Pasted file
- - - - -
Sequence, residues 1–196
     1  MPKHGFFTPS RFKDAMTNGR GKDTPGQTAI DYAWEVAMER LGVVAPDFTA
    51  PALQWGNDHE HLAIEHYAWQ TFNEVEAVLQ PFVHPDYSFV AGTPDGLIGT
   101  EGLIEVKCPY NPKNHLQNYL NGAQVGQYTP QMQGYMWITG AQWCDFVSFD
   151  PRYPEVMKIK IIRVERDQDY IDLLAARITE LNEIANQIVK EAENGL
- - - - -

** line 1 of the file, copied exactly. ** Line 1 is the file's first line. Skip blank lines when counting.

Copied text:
Sequence, residues 1–196